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Pain specialists know that, historically, pain has been under-treated, even dismissed, because it's invisible. There is no scientific way to measure it. It mysteriously continues after the injury has healed or the disease is over, and because doctors didn't know what to do about it.
Today, there is some good news. As of Jan. 1 of this year, medical facilities risk losing their accreditation if their doctors and nurses don't assess a patient's pain regularly, just the way they record other vital signs, and then control that pain to the best of their ability. The new standards have been described as the "Bill of Rights" for pain sufferers.
But not only will these standards help patients be more comfortable, pain researchers know that patients recover much faster if they are in little or no pain. Pain researchers know another thing, too: that left untreated or under-treated, acute pain can be transformed into chronic, permanent pain.
Nerves can become damaged, causing the spinal cord to literally rewire itself. It then sends false signals to the brain that there is pain, even after there shouldn't be. That is why stopping the pain before that process can begin is so crucial.
Chronic pain is the hardest to treat. But at places like the University of California-San Francisco Pain Management Center, pain specialists go a long way to making it bearable.
Doctors like Pamela Palmer use an arsenal of weapons to fight intractable pain. Small amounts of opiates like morphine delivered to the source of the pain (rather than large amounts taken orally), nerve blocks, physical therapy and psychology, even acupuncture and bio-feedback. They know how pain can ruin a person's life, and they will do anything and everything they can, not to cure it, but to keep it under control.
UCSF also has a Pain Clinical Research Center where Dr. Michael Rowbotham and his colleagues head up several pain research studies. One of them looks at shingles -- the agonizing condition caused later in life by the chicken pox virus. The purpose of the study is to ascertain why some shingles patients recover completely and have no pain once the virus has run its course, and others develop what's called "post-herpetic" pain (chronic nerve pain that remains after the shingles condition is over).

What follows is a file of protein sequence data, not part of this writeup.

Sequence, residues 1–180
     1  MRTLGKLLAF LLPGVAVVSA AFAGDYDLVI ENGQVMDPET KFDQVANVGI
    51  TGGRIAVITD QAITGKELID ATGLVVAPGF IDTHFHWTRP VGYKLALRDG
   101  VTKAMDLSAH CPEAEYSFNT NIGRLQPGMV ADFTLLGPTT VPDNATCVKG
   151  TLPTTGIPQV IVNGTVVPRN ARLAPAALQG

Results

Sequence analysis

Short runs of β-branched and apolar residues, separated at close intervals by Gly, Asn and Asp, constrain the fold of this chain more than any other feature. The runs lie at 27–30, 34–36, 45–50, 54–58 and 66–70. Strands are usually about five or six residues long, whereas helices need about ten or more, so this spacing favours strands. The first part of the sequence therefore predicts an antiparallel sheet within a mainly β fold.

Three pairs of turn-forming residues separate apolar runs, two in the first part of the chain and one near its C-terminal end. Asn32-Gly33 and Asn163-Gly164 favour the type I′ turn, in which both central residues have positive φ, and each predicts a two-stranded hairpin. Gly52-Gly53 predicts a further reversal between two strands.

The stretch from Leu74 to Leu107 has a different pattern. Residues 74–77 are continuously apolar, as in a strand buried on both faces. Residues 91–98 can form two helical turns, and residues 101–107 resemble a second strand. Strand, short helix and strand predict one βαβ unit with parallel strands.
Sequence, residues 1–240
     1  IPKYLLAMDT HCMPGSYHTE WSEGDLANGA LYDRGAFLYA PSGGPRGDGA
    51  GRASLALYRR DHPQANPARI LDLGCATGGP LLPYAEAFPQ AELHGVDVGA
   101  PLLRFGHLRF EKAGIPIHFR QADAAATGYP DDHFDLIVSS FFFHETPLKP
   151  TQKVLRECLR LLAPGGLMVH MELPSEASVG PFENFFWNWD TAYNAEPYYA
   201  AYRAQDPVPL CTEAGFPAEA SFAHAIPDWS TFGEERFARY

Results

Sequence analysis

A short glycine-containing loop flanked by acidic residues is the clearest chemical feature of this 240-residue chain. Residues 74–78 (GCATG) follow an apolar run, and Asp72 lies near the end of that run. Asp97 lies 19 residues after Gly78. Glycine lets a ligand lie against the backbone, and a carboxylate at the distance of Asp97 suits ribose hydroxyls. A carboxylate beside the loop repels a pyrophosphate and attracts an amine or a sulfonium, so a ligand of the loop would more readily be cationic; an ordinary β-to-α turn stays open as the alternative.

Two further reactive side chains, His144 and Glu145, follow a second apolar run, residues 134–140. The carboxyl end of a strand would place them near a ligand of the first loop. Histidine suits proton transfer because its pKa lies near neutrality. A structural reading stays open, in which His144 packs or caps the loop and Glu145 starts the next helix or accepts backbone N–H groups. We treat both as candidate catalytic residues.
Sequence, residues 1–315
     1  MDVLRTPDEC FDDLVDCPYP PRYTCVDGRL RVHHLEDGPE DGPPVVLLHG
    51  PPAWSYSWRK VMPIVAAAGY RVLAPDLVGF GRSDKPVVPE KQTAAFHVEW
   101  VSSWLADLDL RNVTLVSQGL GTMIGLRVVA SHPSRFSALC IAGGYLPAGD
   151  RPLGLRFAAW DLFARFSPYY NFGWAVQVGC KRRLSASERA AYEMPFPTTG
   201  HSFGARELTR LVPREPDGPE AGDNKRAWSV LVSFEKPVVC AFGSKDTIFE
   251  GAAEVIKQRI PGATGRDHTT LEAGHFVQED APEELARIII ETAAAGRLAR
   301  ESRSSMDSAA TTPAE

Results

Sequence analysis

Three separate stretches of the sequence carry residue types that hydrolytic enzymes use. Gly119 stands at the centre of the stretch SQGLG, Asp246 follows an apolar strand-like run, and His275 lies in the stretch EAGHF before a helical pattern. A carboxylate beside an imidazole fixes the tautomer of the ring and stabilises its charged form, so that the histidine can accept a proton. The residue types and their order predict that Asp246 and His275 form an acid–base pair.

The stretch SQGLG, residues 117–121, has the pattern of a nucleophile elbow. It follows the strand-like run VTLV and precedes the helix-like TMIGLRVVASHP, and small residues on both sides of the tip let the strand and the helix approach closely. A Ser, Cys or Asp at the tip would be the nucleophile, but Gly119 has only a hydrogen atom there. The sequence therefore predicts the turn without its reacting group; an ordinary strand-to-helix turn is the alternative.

Since nerve damage pain rarely responds to opiodes like morphine, researchers hope that by finding some answers to the causes of shingles pain, they may have answers to other nerve damage pain, and some alternative drugs to treat them.
Then there are the snails - yes, a lowly sail may provide one answer to the question of precision pain relief.
Allan Basbaum heads the Department of Anatomy at the University of California-San Francisco, and he hopes that the same toxins that snails use to paralyze their prey can be modified for human use. He is working toward that end with a Salt Lake City, Utah, company called Cognetix. Cognetix Inc. discovers and develops novel therapeutics derived from marine organisms.
"Why do they work in a human or an animal?" Basbaum asks. "Because the same receptor that exists in the prey of the snail...exists in my spinal cord and your spinal cord. The trick is to find the right dose. The good news is that the basic science of pain mechanisms have now identified a slew of new targets, new therapeutic targets. That's exciting."
The fields of pain management and pain research have grown tremendously in the last decade or so, and they may well expand exponentially as the almost 80 million baby boomers march toward old age. Dr. Palmer thinks the boomer generation simply will not tolerate the kinds of discomforts their parents and grandparents tolerated, and that fact will be one of the engines driving pain research.
The other is money. According to the CBS News Poll, 65 percent of Americans suffering from chronic pain take prescription or other medications daily. It's now big business, and money talks.
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